“My kids started to tell me and a couple friends from back home they saw him going out with her (in Cairo),” she said. “He would go every January; it was weird because sometimes we’d have an event or an emergency and he wouldn’t bother with it. He’d still have to go.”

“I just saw photos of his mother, the other night,” Donna laughed. “ She just got plastic surgery, I thinks she’s doing just fine.”

It was shocking because after 35 years of dedicating her life to a man, she found out he was cheating on her with another woman she used to talk to, she said. Though she felt like God had abandoned her, Donna continued to act out her five daily prayers. She asked that God would help her forget what her husband had done to her, that he would be punished for his wrongs and that if he (God) was real, to prove it to her.

“I started to say that even though I don’t really believe it, I just go by what my religion says. ‘God if this is true let me see it. Let me believe in it.’ ”

She needed a sign. Any sign.

Allah does not impose on any self any more than it can stand. For it is what it has earned; against it, what it has merited. Our Lord, do not take us to task if we forget or make a mistake! Our Lord, do not place on us a load like the one You placed on those before us! Our Lord, do not place on us a load we have not the strength to bear! And pardon us; and forgive us; and have mercy on us. You are our Master , so help us against the people of the kafirun. (Surat Al-Baqara, 286)

One night late January, Donna woke up in her bed with short breaths, forehead drenched in cold sweat. She decided to get up and drink some water. Sharps pains jabbed from her chest to her legs.

Alone, lying on her bathroom floor, she called a friend to come pick her up.

By 6:30 am she was in the emergency room. X-ray scans showed scar tissue surrounding her colon, causing the organ to literally twist around itself.

“The pain is unbelievable. It goes all the way to your chest and feels like you’re going to have a heart attack,” she said. “I was almost not breathing. I thought I was going to lose consciousness.”

The answer, doctors said, would be surgery. But after an incident with anesthesia while going under the knife in 2009, Donna was told that if she was to go under again, she wouldn’t wake up.

She spent the night in the ER. Teary eyed, Donna stared out her hospital room window, watching lightning thunder across  a rain drenched sky. She closed her eyes and bowed her head in prayer.

“God, I can’t even move,” she said. “Let me live again, take my suffering away. I appreciate everything. Forgive me for what I was doing over one person.”

It took staring death in the face for Donna to realize what she had become. She had her health and she had her family, but she was crying over one person, she said.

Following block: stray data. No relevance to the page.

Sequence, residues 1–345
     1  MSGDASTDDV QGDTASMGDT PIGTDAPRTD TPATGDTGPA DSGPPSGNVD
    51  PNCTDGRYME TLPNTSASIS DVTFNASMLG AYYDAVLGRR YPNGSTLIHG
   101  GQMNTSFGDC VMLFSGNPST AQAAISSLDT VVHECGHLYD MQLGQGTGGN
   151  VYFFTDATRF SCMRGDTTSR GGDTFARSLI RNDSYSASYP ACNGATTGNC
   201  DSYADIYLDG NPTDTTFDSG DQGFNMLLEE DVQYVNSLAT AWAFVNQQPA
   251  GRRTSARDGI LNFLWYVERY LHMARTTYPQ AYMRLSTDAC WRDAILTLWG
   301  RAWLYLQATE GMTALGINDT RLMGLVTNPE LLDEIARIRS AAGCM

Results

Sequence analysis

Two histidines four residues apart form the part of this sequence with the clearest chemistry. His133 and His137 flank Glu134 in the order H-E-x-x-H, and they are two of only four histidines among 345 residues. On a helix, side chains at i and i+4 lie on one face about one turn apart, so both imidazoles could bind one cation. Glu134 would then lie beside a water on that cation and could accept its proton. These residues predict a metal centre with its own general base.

The next morning Donna’s pain had completely subsided. She left the hospital without surgery and without the anger she had been holding on to for so long.

“Because God loves me so much, he makes me close to him; whatever he gives me, I accept it,” she said. “I forgive my husband. I was giving him too much and he did not appreciate it and God said enough, I need to move on.”

Say, ‘If you love Allah, then follow me and Allah will love you and forgive you for your wrong actions. Allah is Ever-Forgiving, Most Merciful.’ (Surat Al ‘Imran, 31)

Donna lives out her faith in the same tradition today—five prayers a day. But, she does it with a renewed heart, one that embraces everyone around her and puts God before everything else, one with compassion and eagerness to help her fellowman and most of all, one that pardons and overlooks.

 

 

Religio Mag
Written by Religio Mag

6 Comment responses

  1. Avatar
    January 11, 2015

    I wish forgiving was easier done than said… but alas, forgiveness has to start with me too..

    Reply

  2. Avatar
    January 12, 2015

    Forgiveness? What the heck are the extremists going by when they killed the 12 at Charlie Hebdo in Paris? Don’t understand how they are interpreting their quran

    Reply

  3. Avatar
    January 14, 2015

    Regardless of faith or what you believe in, a story is like this is so saddening but also shows strength through it all. I’m glad though that she was able to reach for God to help her through that mess. Some people are not so lucky.

    Reply

  4. Avatar
    January 14, 2015

    It’s human nature to want to repay back the pain to the person who hurt you…but what helps me is knowing that it was God who forgave us first.

    Reply

  5. Avatar
    January 15, 2015

    wow…these stories are so moving…imagine if we all had a compassionate and forgiving heart! Imagine what the world might look like…

    Reply